Here is the Bristol Press Article.


BRISTOL – The Board of Education is on board with the city hiring an outside firm to conduct a forensic audit to find out how a $2.4 million deficit was overlooked in the 2016-17 school budget.

Mayor Ken Cockayne and Board of Finance Chairwoman Cheryl Thibeault have said they are searching for a firm to conduct the audit for the school board’s budgets of the past two years.

Earlier in the week City Comptroller Diane Waldron had identified the $2,381,120 deficit. The board had also ended 2015-16 with an unexpected $2,044,817 deficit, related to special education costs. At that time, city officials recommended a separate fund be set up to better manage special education costs, but the school board declined.

At a special meeting Thursday, the school board’s finance committee chairwoman, Karen Vibert said all nine board members, and school district staff past and present, “own some of this and we need to find out why this has happened and fix the problem.”

“What is not helpful right now quite honestly are dramatic social media posts,” she said. “Social media can be a great venue to inform the public but inciting the public with incorrect and inaccurate information is totally unfair to those citizens, and to my fellow BOE commissioners.”

She noted that all school board members sat through the same finance committee meetings, read the same reports, heard the same comments from the three different finance professionals who have handled the district’s finances over the past two years, and were told that things were in good shape.

Gary Franzi was the district finance director until he resigned a year ago. The city’s then comptroller, Glenn Klocko, handled school finances until Stephen Nembirkow was hired last January. Nembirkow resigned as of Aug. 18. The district is now searching for Nembirkow’s replacement.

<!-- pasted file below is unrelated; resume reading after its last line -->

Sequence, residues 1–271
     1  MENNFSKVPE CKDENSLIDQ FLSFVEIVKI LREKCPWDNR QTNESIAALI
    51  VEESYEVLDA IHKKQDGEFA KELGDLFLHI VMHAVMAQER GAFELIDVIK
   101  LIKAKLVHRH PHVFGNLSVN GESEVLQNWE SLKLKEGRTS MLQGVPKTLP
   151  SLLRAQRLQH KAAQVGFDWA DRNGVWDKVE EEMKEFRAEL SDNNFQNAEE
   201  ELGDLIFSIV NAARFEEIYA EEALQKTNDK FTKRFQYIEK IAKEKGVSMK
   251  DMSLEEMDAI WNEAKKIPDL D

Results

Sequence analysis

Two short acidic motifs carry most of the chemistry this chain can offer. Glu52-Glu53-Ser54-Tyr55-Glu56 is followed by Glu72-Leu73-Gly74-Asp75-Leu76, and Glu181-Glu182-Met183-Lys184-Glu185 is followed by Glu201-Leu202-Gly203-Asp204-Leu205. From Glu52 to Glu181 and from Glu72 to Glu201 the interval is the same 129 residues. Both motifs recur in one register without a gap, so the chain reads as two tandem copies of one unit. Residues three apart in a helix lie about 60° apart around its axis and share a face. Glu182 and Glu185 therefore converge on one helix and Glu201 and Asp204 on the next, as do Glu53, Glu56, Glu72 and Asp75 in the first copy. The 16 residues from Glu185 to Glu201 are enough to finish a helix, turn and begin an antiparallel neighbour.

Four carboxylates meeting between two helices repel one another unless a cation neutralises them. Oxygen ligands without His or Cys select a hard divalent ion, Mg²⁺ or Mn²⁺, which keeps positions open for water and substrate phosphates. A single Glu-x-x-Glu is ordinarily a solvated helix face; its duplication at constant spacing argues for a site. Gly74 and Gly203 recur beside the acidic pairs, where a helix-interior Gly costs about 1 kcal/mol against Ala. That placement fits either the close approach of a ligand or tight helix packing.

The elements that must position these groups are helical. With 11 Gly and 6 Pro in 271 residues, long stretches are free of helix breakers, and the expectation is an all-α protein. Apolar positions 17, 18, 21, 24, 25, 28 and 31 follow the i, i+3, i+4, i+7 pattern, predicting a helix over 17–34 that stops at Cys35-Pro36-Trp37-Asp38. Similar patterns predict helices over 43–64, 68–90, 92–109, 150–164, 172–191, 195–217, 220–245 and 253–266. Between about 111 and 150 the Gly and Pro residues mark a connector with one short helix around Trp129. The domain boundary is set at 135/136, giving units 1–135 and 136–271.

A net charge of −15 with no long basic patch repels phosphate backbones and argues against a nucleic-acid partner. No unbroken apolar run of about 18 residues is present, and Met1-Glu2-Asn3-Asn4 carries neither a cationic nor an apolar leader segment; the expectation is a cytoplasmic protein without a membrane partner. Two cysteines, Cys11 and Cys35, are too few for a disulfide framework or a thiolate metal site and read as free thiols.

“Two years ago our then finance director did not know about this structural error. He was followed by a second finance director who also did not recognize this issue. The city auditors did not find a problem,” Vibert said.

Vibert said she and board Chairman Chris Wilson had already discussed having a forensic audit done when they heard Cockayne and the Board of Finance had the same idea.

She said the purpose of the special meeting was “to make sure that all Board of Education commissioners understand the issue and your questions are answered.”

Superintendent Ellen Solek gave a brief description of how City Comptroller Diane Waldron contacted the district central office to alert them to the problem and review the city’s findings.

Deputy Superintendent Susan Moreau described in more detail how Nembirkow in a final memo had said the district had ended 2016-17 with a $191,000 surplus, after previously saying there would be a $500,000 surplus.

“I can’t say that I have a whole lot more information now,” Moreau said. “We certainly are looking not only backward but I’m concerned about looking forward and making sure that what we have on our accounts for ’17-’18 is sufficient. It’s my concern that if we have a structural deficit, and the two deficits are almost identical from ’15-’16 and ’16-’17, that we know we’re on solid ground going forward.”

She said there were some inconsistencies shown for the school accounts in the city’s MUNIS financial software program months, but that Klocko had said they shouldn’t be concerned about it.

“I will once again say I am embarrassed, and shame on us, that I did not push the issue,” Moreau said. She noted that MUNIS spreadsheets are not easy for a layperson to read but she wants to have some workshops to help familiarize administrators and board members with them “so that we’re all aware and this can never happen again.”

Thibeault said the finance board’s target is to have bids to conduct the forensic audit by Sept. 15 and start interviewing firms after that. She invited school board members to sit in on the process and give input.

“The target date is to have [the audit firm] complete their report and have things back to us by the end of the year. It’s a tight timeframe,” she said.

Susan Corica can be reached at 860-973-1802 or